In its efforts to decentralize its vast state-owned heritage, Italy will dust off 100 paintings, sculptures and archaeological objects hidden in museum storage facilities and redistribute them more evenly across the country through a series of loans.
As part of the so-called “100 opere tornano a casa” (One Hundred Works of Returning Home) project, works from 14 of Italy’s most prestigious state museums, including the Uffizi Galleries in Florence, the Pinacoteca de Brera in Milan and the National Archaeological Museum of Naples. The collections of lesser-known state museums located up and down the peninsula will soon be added.
The objective is to make the public rediscover long forgotten artistic gems, many of which have historical links with the territories where they will be presented. “Only 10% of Italian heritage is currently on display,” said the spokesperson for Dario Franceschini, Italian Minister of Culture. The arts journal. “We are expanding our small museums a bit and encouraging more people to visit them in the process.”
The project began on Saturday, when two landscapes by Baroque artist Salvator Rosa (1615-1673) were transported from the National Gallery of Ancient Art in Rome to the National Museum in Matera. Yesterday, six paintings by artists from the 16th and 17th centuries, including Giovanni Baglione and Cristoforo Roncalli, were transferred from the Pinacoteca di Brera in Milan to the National Gallery of the Marches in Urbino and to the Palazzo Altieri in Oriolo Romano.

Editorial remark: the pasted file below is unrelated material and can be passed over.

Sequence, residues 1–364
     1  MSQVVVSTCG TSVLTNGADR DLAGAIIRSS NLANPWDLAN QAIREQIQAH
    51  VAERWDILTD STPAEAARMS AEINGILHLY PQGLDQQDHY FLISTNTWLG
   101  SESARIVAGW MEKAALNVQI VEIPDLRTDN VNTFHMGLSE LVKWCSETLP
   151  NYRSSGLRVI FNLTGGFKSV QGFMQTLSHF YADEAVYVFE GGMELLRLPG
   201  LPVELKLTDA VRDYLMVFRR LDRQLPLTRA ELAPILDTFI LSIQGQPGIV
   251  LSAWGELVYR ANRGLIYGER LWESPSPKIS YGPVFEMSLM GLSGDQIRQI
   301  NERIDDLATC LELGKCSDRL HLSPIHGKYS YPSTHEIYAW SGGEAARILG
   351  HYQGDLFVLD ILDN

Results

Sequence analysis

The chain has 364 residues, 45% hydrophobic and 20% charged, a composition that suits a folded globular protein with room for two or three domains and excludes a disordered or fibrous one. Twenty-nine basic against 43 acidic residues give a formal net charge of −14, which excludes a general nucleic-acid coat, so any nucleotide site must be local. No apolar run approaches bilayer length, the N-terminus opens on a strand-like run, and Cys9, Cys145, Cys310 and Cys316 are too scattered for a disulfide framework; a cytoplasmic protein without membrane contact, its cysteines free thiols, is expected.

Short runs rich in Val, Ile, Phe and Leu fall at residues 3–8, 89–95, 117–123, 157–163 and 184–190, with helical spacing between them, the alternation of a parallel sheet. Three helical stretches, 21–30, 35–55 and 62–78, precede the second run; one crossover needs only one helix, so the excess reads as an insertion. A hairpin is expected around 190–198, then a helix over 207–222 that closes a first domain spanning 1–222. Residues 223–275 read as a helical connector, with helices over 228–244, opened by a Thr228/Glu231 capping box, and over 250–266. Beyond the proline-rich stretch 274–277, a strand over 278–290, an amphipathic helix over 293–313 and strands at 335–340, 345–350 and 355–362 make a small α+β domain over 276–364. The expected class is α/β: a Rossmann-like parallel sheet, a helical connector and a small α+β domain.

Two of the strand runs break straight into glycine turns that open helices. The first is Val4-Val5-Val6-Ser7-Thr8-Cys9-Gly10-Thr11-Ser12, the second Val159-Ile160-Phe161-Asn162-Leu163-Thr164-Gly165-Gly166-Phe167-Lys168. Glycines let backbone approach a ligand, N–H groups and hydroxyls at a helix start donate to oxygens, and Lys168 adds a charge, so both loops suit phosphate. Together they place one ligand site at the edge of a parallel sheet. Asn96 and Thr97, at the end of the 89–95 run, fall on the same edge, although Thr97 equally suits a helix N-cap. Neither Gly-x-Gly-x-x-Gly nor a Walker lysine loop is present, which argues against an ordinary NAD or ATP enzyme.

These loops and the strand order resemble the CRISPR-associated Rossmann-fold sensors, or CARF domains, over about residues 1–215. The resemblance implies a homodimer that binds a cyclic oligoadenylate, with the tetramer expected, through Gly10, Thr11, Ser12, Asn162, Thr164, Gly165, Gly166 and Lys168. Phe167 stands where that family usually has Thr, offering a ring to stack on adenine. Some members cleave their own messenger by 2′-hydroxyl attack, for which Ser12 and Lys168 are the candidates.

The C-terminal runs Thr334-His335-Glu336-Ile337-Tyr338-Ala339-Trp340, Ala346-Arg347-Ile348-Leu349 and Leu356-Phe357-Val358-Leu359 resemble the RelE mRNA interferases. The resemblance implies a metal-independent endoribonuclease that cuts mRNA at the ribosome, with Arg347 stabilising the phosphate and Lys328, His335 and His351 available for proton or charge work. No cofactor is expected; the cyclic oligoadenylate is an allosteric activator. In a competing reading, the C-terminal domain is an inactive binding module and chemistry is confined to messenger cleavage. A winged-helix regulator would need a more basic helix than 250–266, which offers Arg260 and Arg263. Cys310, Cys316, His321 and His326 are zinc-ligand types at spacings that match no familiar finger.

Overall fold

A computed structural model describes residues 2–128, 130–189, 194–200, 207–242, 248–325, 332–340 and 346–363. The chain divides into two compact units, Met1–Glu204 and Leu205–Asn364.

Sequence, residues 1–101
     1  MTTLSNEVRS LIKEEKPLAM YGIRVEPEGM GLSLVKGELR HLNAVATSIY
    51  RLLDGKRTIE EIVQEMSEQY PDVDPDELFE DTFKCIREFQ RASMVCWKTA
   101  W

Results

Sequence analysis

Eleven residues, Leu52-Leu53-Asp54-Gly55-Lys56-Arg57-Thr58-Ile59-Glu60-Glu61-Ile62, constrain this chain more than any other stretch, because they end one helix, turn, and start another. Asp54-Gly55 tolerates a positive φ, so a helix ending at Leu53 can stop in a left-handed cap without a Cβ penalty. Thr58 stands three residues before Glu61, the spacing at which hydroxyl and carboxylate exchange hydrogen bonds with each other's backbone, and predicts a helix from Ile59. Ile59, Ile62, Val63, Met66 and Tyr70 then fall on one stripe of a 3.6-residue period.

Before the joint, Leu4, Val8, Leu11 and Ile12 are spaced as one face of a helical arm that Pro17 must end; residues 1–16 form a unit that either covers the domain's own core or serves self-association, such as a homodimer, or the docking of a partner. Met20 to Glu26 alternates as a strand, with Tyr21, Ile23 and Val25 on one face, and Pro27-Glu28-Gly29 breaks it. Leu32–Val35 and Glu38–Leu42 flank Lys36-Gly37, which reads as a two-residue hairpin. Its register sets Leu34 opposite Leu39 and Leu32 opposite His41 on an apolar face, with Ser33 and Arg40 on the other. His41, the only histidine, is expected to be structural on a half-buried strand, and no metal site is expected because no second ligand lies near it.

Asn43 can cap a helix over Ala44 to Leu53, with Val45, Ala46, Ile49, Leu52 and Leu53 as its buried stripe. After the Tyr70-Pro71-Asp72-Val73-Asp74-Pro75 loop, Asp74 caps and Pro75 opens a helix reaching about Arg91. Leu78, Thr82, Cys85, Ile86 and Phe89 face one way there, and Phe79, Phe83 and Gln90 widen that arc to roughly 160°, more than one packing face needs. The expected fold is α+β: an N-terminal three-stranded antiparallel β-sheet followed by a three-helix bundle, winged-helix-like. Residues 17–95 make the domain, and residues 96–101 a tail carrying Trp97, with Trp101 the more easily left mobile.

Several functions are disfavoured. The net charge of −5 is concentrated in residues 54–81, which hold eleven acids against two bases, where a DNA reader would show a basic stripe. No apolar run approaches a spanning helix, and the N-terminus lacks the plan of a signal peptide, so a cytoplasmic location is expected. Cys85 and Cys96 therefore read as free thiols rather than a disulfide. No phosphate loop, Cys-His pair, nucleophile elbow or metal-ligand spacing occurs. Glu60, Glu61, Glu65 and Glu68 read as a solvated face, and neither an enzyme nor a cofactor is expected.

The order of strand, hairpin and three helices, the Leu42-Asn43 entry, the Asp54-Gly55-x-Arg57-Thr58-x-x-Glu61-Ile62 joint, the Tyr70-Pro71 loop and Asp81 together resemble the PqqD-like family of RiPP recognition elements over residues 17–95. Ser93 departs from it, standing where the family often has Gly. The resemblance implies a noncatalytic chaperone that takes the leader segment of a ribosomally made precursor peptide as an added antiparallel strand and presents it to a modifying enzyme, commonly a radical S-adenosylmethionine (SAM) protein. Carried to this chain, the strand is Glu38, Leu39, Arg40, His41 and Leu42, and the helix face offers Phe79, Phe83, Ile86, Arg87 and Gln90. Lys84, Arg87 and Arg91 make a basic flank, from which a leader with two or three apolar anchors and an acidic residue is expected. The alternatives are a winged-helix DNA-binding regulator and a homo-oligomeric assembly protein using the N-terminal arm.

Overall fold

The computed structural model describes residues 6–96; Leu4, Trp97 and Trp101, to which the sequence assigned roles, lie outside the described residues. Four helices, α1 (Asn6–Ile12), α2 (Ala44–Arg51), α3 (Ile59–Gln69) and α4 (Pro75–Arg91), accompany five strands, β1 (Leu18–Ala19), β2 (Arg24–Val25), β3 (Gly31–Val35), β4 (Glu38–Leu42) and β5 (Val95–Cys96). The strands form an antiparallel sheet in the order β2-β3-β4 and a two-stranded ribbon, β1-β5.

A total of 36 works will be moved throughout this week and early next year after the Christmas holidays. Meanwhile, ministry officials and museum directors are finalizing decisions on which pieces to include in the second batch of works to be redistributed from next spring, the spokesperson said.
The project has been in the works since 2015, when ministry officials and museum directors began compiling a database of 3,652 works from 90 state museums that were deemed suitable for relocation. The ministry allocated € 1 million to pay for the restoration of some of the 100 works, transport costs and the reorganization of the museum’s exhibits to accommodate the displaced works.
Italy’s state-run museums currently have around 480,000 works on display, compared to 4.5 million in storage facilities, according to ministry data. The redistribution initiative could possibly be extended to thousands of works, according to the spokesperson for the ministry.
Many of the 100 original works will be returned to the territories where they once adorned noble villas or churches. The sculptural group the Gladiator killing a lion —Which includes a Roman torso of Mirtha that the Getty Museum returned to Italy in 1999 and a lion’s head recovered by the carabinieri in 2016 — will be moved from the Ostia Antica archaeological park to the Villa Giustiniani in Bassa Romano, where he once decorated a pond.
As part of the project, the ministry and Rai, Italy’s national public broadcaster, will produce a documentary series chronicling the restoration and relocation of some of the 100 works. Filming of the 50-minute main episode and 13 20-minute mini-episodes has already started. The series is expected to go live in spring 2022.